Why Women Can't Afford to Overlook Sleep Apnea

A new toolkit aims to raise awareness of sleep-disordered breathing in women.

Posted Dec 02, 2017

On November 29, 2017, after more than three years of collaborative work, the Society for Women’s Health Research (SWHR) Interdisciplinary Network on Sleep released its Women & Sleep Apnea Toolkit to provide women and their health-care providers with gender-specific information about obstructive sleep apnea and sleep-disordered breathing. This resource is particularly special, because it represents the combined efforts of 12 researchers and clinicians across sleep-related fields, including epidemiology, obstetrics/gynecology, neurology, pain, physiology, psychiatry, pulmonology, and sleep medicine — and it involves real women with sleep apnea, recruited through the patient-led online community myapnea.org.

Approximately 17 percent of women have obstructive sleep apnea syndrome, and it is estimated that up to 90 percent of women with this serious sleep disorder go undiagnosed. The Toolkit has a patient page that asks women to consider whether they are experiencing symptoms or displaying signs of obstructive sleep apnea (OSA). For instance, daytime clues may include mood symptoms, such as feeling depressed, anxious, irritable, or impatient, or always feeling tired or drained. Women with OSA may notice that they struggle to stay awake and may actually fall asleep at the wrong time or place, like at work or in public places. Cognitive difficulties, such as forgetfulness, foggy or fuzzy thinking, and trouble with word-finding, focus, and concentration, are also common experiences of women with obstructive sleep apnea.

As for nighttime signs of sleep apnea, the Toolkit notes that snoring is not the only symptom in women with OSA. Difficulty falling asleep, frequent awakenings, and restless sleep may indicate sleep-disordered breathing. Other less stereotypical signs include changes in dreaming (i.e., more frequent dreams or a lack of dreaming), multiple bathroom visits at night, and nighttime heartburn.

The Toolkit asks health-care providers to consider a diagnosis of OSA in their women patients, and to note that female patients may not describe their symptoms the same way that men do. Women with other common disorders — including high blood pressure, diabetes, stroke, insomnia, atrial fibrillation, anxiety, depression, heart failure, polycystic ovary disease, and even mild cognitive impairment — deserve a sleep apnea evaluation, because treating co-occurring OSA can improve conditions like cardiovascular disease and diabetes.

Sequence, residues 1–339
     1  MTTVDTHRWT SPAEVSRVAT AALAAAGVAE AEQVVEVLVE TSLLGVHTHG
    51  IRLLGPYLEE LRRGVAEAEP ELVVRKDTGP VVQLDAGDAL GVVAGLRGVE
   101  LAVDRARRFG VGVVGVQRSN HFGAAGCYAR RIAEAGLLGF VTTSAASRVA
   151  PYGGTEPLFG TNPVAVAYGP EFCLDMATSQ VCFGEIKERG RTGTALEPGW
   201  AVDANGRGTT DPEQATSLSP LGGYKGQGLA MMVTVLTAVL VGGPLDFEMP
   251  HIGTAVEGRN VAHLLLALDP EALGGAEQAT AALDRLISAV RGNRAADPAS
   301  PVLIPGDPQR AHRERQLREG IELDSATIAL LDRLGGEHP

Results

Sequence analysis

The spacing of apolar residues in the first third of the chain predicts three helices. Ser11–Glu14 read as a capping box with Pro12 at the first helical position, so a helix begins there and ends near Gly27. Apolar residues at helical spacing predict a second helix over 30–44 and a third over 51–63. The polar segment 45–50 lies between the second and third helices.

Notably, pregnant women are not immune to sleep apnea. Indeed, pregnancy is a critical time to recognize OSA, because sleep apnea during pregnancy can affect expectant mothers AND their infants. Pregnant women with OSA have higher rates of gestational diabetes and hypertension, pre-eclampsia, and maternal death. When sleep-disordered breathing goes unaddressed in pregnancy, adverse fetal health outcomes can also occur, as shown in a study by SWHR network member, Judette Louis, MD, MPH.

Once the possibility of sleep apnea is raised by a woman or her health-care provider, evaluation for OSA occurs via a sleep study. Home sleep testing can diagnose many women; however, since home testing can give false negative readings in 10 to 20 percent of patients, a negative home test should be followed up with a laboratory sleep study if the suspicion for sleep apnea is high. Indeed, the Toolkit notes that women may be more likely to have a false negative home sleep study, because insomnia and sleep apnea overlap frequently in women.

Image created by Alex Callahan
Source: Image created by Alex Callahan

The overall aim of the Women & Sleep Apnea Toolkit is to facilitate conversations about OSA between women and their health-care providers.  “Healthy sleep is essential for physical, emotional, and cognitive health just as a healthy diet and physical activity are. Yet, the barriers to healthy sleep faced by women are often overlooked, dismissed, or accepted as an unavoidable part of life,” said Susan Redline, MD, MPH, SWHR Network on Sleep Chair, and Professor of Sleep Medicine, Harvard Medical School. “These are not unsolvable problems, and this guide will help women and their health-care providers improve diagnosis, treatment, and management of sleep disorders.”


Peppard et al. American journal of epidemiology. 2013; 177 (9): 1006-1014.  

Doherty et al. CHEST. 2005; 127 (6): 2076-2084.  

Harsch et al. American journal of respiratory and critical care medicine. 2004; 169 (2): 156-162.

Louis et al. American journal of obstetrics and gynecology. 2010; 202(3):261.

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